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10 Cheap Compact Cars That Will Bankrupt You With Maintenance Bills And Repairs – HotCars

by Nov 6, 2022Blog0 comments

As manufacturers rush to meet the increasing demand in the compact car segment, some overlook the cars’ reliability.
Compact cars are your best bet if you want affordability, dependability, and fuel efficiency as opposed to full-sized sedans, sports cars, and SUVs. Compact cars in 2022 will provide many benefits for customers. It's like heaven for seekers of compact cars as there are many enticing options in the compacts and subcompacts category. Various choices are fun-to-drive, stylish, punchy, and practical hatchbacks. The Honda Civic Type R, the Volkswagen Golf R, and the Toyota Corolla Hatchback demonstrate that this segment is as promising as ever.
But as manufacturers rush to meet the increasing demand in the compact car segment, some overlook the cars' reliability. It might not be visible from the outside styling or interior comfort, but it's the last thing you want to ignore when owning a compact car. The following cars have a history of common problems requiring you to pay hefty bills for maintenance and repairs.
The smallest hatchback from Audi, the S3, is a direct competitor to BMW125i, Golf R, and the Mercedes-AMG CLA35. Enthusiasts love this little car for its 306-hp turbocharged four-cylinder that makes the car fun to drive. However, RepairPal reports its yearly maintenance costs to be high as the Audi luxury parts don't are by no means cheap.
Warrantywise rated this hot hatch with one of the worst reliability scores. Major expected issues include engine problems, electronics, fuel pump, and sensor failures.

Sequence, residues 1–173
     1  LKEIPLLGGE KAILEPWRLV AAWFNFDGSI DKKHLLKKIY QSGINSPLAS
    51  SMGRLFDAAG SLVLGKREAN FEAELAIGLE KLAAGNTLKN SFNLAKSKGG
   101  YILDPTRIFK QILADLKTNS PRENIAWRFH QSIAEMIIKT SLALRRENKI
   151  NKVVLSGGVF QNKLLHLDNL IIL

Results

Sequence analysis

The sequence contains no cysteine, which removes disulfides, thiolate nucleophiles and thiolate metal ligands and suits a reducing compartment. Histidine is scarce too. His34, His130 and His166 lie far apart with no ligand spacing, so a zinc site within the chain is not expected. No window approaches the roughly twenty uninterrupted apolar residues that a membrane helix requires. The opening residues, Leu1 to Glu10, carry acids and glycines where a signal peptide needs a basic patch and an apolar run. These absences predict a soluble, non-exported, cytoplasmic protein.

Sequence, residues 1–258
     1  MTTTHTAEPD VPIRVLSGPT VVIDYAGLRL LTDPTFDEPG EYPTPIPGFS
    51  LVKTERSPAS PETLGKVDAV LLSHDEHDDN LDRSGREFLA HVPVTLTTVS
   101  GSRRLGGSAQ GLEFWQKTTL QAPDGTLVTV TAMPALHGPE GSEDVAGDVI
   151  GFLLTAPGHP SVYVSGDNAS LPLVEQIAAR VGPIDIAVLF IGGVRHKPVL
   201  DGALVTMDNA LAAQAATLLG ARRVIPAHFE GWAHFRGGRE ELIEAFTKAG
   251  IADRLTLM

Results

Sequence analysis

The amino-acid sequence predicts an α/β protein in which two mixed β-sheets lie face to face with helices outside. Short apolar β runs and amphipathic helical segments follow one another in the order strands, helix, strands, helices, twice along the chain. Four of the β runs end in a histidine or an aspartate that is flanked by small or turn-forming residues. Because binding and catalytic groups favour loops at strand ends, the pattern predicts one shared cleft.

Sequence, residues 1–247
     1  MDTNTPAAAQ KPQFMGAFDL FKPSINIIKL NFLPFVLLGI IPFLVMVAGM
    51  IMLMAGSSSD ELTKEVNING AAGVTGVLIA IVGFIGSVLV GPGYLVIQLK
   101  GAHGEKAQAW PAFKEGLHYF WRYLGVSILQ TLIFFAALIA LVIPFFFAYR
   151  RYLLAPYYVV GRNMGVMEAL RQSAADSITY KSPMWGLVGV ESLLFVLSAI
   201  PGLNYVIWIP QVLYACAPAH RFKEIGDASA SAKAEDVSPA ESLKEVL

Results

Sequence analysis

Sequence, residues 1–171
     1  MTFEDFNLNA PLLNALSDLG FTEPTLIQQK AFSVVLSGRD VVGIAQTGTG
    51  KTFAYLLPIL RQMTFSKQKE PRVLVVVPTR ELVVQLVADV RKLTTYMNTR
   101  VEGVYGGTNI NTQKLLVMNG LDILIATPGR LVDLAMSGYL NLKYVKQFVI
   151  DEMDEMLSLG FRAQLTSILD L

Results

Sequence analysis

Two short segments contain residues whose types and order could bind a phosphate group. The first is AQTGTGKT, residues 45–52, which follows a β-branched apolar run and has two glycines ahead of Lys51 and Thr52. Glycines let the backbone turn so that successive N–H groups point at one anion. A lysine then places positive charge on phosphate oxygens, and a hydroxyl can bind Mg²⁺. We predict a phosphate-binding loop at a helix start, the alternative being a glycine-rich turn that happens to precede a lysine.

The budget-friendliness and sporty appearance may be a huge selling point for the Ford Ecosport, but its wheezy three-cylinder engine quickly disappoints its customers. It has sub-par fuel economy and poor ride quality on most surfaces.
Issues such as oil pump failure, transmission problems, and ABS errors commonly plague the Ecosport. Estimated ownership costs for the Ecosport are above average due to high routine costs.
This car needs no introduction as it's one of the best-selling hot hatches. Surprisingly, Ford decided to end its production in favor of electric options.
Even though this car has been around for many generations, poor reliability in the most recent years has been its main letdown. A 2021 What Car reliability survey ranked the Ford Fiesta as the least reliable car in the small car category. Major issues in the "Powershift" dual-clutch transmission system call for expensive repairs. Other problems lie in the suspension, engine, and cooling systems.
Related: Here’s What Happens When A Ford Fiesta ST Gets A Substantial Power Boost
Since its introduction in 2015, the Chevy Trax has stayed the same without looking outdated. A better option for a compact SUV would be the Chevy Trailblazer since the Trax has underwhelming acceleration, choppy ride quality, high repair costs, and poor fuel economy.
A used Chevy Trax may be cheap, but repair costs seem to grow yearly. Expect to throw money at the problematic engine, transmission, electronics, power steering, and wheels.